A simple chamber will be rectangular on the screen with walls at both ends. We make a simple chamber in and can rely on persistence to keep it a simple chamber in and beyond. This would be used in planning to solve Game0. Alternatively, if we are actually playing Game0, we can observe that is a simple chamber in . This requires a mechanism for associating names with features of the picture and with situations depicted on the screen. We haven't decided how to do this yet.
Consider chambers which confine lemmings until something is done about it. They are bounded by simple closed curves, but that high level of generality isn't the common sense way of thinking about them. One could suppose that chambers in the lemming world are a subclass of the interiors of simple closed curves and try to formalize a suitable subclass. This is a bad idea, because we haven't seen all the chambers Psygnosis Ltd. has chosen to use, and they are likely to invent new ones with each new lemming variant they market. Their artists draw the chambers and the regions that surround them according to the requirements of the game designers and their artistic taste. These drawings are then digitized. No human player can represent a digitized screen pixel by pixel, and our formalism can't do this either.
Instead we start with simple figures and elaborate them. The simple chamber is one of these starts. A program that reasoned about the game would observe the screen of Game0 and recognize the upper chamber as a simple chamber and give it a name. In Game0, the floor of is not entirely even, but these surface rills make no difference. It doesn't matter where digs its hole. In other lemming games it does make a difference. For example, it might have been necessary in Game0 to dig in a low place in order that the lemmings should not fall too far.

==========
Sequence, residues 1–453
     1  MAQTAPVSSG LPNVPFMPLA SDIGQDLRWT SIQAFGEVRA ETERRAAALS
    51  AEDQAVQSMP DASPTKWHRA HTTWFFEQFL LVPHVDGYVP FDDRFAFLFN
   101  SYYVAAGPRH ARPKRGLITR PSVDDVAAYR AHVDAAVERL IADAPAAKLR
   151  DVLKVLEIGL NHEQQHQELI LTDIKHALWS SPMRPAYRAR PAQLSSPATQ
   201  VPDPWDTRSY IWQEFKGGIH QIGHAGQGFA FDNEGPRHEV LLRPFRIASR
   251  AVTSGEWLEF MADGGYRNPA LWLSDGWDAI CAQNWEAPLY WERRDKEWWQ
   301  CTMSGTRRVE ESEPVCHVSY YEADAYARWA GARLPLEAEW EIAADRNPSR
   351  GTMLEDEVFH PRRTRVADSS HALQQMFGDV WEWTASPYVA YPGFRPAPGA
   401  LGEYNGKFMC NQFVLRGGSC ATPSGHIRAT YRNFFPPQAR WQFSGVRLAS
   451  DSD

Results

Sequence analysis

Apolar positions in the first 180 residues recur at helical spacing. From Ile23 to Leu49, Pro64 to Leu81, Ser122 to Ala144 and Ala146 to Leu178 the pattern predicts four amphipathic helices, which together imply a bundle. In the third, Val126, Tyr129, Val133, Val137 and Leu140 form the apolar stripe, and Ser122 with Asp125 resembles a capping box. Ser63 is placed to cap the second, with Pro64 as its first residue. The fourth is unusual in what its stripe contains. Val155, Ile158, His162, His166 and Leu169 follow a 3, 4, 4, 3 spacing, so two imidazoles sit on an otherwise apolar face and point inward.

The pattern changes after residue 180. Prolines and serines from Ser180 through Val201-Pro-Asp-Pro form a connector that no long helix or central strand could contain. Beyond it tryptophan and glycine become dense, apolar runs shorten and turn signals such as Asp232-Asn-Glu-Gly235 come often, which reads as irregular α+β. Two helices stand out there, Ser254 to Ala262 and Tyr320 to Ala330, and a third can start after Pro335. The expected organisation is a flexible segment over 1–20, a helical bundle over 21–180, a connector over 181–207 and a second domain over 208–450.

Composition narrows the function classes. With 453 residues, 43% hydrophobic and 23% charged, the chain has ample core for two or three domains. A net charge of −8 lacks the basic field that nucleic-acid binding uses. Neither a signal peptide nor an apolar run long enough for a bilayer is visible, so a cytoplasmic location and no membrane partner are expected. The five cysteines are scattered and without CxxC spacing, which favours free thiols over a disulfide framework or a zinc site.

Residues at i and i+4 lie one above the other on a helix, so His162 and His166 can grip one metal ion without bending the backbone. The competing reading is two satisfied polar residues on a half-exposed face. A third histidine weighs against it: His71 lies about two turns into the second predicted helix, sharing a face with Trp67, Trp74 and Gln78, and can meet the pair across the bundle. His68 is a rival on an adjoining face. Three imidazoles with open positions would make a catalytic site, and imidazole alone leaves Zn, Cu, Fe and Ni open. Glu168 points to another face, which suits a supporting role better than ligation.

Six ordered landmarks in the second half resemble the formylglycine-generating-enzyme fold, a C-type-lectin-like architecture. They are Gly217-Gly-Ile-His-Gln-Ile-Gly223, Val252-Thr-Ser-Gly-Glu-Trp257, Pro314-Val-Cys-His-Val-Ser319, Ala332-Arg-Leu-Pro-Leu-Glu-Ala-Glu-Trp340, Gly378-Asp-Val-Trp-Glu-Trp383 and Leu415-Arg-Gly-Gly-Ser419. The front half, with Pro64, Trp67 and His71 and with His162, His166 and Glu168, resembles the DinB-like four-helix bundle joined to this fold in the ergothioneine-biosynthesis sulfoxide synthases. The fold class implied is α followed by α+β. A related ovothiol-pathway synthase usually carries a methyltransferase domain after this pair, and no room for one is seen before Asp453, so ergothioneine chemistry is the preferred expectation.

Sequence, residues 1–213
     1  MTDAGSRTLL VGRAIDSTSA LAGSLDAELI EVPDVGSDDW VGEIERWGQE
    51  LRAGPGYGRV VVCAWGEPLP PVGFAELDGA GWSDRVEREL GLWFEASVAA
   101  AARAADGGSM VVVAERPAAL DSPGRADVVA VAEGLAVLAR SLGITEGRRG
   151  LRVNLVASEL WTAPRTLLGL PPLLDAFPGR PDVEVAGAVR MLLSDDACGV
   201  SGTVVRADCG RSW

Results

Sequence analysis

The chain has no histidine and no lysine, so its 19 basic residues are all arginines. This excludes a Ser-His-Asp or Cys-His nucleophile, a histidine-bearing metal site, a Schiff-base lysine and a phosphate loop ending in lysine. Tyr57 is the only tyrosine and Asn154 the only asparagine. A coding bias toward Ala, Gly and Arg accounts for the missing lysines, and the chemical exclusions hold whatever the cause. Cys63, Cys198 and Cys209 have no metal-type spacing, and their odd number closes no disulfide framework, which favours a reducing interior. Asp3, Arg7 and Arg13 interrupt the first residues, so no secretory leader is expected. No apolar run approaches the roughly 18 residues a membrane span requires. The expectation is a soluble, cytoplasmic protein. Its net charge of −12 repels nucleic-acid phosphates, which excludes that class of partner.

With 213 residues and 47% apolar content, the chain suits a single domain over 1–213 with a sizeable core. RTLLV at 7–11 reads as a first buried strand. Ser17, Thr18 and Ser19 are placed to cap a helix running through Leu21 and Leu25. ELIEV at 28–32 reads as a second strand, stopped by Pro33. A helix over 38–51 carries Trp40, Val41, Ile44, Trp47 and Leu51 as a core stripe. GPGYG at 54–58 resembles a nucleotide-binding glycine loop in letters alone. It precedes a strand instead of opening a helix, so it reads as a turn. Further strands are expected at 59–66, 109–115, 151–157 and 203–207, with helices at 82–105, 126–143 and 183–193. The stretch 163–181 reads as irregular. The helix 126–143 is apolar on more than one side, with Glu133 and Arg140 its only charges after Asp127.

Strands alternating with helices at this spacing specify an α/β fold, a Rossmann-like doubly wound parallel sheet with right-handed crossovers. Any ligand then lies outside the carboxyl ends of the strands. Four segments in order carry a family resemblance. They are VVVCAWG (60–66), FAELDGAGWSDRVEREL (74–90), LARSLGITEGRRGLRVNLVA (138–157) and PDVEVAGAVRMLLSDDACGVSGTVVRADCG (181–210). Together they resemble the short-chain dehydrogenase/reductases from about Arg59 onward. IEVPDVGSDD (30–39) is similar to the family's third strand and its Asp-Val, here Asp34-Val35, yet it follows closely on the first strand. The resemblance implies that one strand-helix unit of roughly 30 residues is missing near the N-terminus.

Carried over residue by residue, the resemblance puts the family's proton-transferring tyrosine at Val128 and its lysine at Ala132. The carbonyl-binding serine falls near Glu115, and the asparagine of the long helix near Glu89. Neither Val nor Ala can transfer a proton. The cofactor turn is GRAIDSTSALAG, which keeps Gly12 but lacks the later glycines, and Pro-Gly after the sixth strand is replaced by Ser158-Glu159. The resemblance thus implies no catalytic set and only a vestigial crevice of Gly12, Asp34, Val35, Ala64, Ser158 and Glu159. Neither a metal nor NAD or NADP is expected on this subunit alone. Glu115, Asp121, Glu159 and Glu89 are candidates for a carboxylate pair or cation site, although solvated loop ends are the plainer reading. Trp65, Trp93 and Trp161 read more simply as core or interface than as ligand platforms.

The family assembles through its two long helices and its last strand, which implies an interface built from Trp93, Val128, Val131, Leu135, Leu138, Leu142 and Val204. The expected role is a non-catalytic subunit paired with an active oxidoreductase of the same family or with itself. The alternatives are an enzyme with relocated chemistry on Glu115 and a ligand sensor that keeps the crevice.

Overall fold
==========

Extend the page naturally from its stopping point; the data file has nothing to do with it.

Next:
We propose to handle unevenness by allowing additional statements about chambers that have been identified as simple chambers. Complete descriptions of surfaces are not required, but relevant observations may be expressed. Perhaps this is a form of belief revision, e.g. the player formerly believed the chamber was simple and has changed hsi mind; some of the considerations advanced in the study of belief revision might then apply. Another way of handling this idea is to say that c0 is a certain kind of simple chamber and express the unevenness in describing what kind.
We also will handle the chamber with the digger's hole by elaborating the simple chamber description. This will be belief update rather than belief revision.
We can implement the above using a notion of chamber type, or more generally, type of lemming region. would be the type that is instantiated by . is is instantiated by . (We are not committed to this particular notation for elaborating simple figures.) We need types in the formalism and not just individual regions, because we need to make new types by elaborating simpler ones, e.g. we make a chamber with the lemming sink at one end by elaborating simple chambers.